It didn’t last for long though. Robinson came to realise that this wasn’t making him happy. “By 2014, EDM had morphed into this over-the-top cartoon version of itself,” he says. “At that time I was trying too hard to be cool and to be what I thought a superstar DJ should be. I adopted this rockstar persona – I was trying to be something I wasn’t. Who I was trying to be and who I actually was became too much to bear. I didn’t like my own music, or the music my contemporaries were playing at that point. I didn’t want to play EDM party tunes anymore – I wanted to be more introspective.”


I adopted this rockstar persona – I was trying to be something I wasn’t. I didn’t like my own music, or the music my contemporaries were playing. I didn’t want to play EDM party tunes anymore – I wanted to be more introspective.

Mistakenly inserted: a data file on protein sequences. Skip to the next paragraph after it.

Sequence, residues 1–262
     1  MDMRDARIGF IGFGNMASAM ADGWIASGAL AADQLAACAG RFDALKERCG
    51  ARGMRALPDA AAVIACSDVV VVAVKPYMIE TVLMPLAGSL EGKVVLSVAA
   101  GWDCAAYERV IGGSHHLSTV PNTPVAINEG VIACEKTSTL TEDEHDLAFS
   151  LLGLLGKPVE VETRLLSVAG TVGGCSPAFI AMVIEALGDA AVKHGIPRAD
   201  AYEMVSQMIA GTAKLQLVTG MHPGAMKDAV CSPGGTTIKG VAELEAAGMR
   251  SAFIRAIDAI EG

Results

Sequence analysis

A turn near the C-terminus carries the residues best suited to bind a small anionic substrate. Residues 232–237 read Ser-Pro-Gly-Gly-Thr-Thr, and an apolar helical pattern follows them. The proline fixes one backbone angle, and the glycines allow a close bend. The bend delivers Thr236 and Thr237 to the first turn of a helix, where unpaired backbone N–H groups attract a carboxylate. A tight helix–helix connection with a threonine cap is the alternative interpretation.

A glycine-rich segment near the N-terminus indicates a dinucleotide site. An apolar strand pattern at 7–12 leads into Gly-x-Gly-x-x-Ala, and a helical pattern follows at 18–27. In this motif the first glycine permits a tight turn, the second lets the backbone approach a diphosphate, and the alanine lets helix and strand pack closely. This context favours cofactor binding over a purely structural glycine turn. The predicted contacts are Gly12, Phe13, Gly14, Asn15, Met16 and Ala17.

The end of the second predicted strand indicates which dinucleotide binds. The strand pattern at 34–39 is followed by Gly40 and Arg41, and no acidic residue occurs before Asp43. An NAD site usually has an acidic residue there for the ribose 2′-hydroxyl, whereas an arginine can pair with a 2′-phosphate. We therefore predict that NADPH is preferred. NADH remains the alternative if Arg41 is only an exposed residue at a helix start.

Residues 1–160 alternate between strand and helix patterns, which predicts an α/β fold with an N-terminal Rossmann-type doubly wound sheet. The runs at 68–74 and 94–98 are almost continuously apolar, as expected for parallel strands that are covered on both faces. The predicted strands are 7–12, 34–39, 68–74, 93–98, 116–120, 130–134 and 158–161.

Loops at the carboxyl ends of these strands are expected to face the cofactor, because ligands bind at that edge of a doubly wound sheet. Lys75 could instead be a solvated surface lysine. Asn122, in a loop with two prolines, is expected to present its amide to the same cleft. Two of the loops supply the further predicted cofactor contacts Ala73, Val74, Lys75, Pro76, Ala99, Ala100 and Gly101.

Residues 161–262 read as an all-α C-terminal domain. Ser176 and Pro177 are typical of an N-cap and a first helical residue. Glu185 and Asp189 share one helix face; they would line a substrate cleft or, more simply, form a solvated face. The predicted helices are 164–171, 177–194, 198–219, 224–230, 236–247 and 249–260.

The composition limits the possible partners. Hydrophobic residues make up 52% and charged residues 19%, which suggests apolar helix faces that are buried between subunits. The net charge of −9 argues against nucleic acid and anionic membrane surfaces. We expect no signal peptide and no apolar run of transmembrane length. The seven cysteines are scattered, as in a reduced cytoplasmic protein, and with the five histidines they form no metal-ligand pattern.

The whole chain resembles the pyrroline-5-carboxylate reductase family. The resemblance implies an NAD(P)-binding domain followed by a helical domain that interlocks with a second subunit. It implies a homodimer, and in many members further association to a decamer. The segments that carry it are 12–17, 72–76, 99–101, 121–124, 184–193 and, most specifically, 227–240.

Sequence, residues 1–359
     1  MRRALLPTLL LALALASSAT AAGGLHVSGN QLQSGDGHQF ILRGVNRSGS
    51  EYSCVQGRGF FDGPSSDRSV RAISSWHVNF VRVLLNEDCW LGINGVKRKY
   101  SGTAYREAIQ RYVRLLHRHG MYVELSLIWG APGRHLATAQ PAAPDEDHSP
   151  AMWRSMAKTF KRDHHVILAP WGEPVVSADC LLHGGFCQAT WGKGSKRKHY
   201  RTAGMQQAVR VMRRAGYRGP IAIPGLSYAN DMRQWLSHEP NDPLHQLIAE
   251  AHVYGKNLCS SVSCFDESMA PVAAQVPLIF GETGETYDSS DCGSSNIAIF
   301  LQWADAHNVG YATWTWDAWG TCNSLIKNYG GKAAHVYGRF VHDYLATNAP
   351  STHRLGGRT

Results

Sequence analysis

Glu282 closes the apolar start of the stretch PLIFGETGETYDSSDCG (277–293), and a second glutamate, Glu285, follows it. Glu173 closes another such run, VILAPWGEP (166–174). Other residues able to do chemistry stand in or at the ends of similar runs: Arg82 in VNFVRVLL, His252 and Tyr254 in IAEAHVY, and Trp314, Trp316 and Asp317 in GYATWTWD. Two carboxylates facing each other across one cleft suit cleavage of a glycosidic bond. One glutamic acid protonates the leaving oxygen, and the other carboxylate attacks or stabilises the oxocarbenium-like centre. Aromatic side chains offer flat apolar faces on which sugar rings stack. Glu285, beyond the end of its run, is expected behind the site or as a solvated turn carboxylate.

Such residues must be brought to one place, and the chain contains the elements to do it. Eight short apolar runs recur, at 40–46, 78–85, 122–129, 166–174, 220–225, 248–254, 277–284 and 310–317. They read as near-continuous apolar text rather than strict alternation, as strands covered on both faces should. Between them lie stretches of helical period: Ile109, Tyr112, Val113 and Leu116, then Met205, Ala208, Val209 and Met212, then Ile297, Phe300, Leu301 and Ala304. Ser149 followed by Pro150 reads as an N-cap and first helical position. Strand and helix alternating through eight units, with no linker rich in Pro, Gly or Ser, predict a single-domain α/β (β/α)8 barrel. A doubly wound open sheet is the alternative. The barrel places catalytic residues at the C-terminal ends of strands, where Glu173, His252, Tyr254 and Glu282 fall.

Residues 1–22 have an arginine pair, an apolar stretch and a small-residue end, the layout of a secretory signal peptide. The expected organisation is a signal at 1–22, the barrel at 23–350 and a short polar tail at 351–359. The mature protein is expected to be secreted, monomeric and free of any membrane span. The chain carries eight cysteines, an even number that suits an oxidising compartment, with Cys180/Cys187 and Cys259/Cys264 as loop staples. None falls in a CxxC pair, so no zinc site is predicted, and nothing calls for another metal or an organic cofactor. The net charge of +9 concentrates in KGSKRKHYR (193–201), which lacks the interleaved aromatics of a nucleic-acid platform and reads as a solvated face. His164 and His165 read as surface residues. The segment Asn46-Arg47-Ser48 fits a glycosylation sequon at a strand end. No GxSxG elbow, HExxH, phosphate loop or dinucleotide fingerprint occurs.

Porter Robinson

And so he began to explore a different path. This resulted in the release of the melodic electronic pop track ‘Language’ in 2012 – which was played by pretty much every big name in dance music, topped both the Beatport and iTunes main charts and made it onto BBC Radio 1’s A list. In musical terms, Robinson had come of age – he’d found a sound he was happy with and it paved the way for his debut artist album ‘Worlds’, which he released in 2014.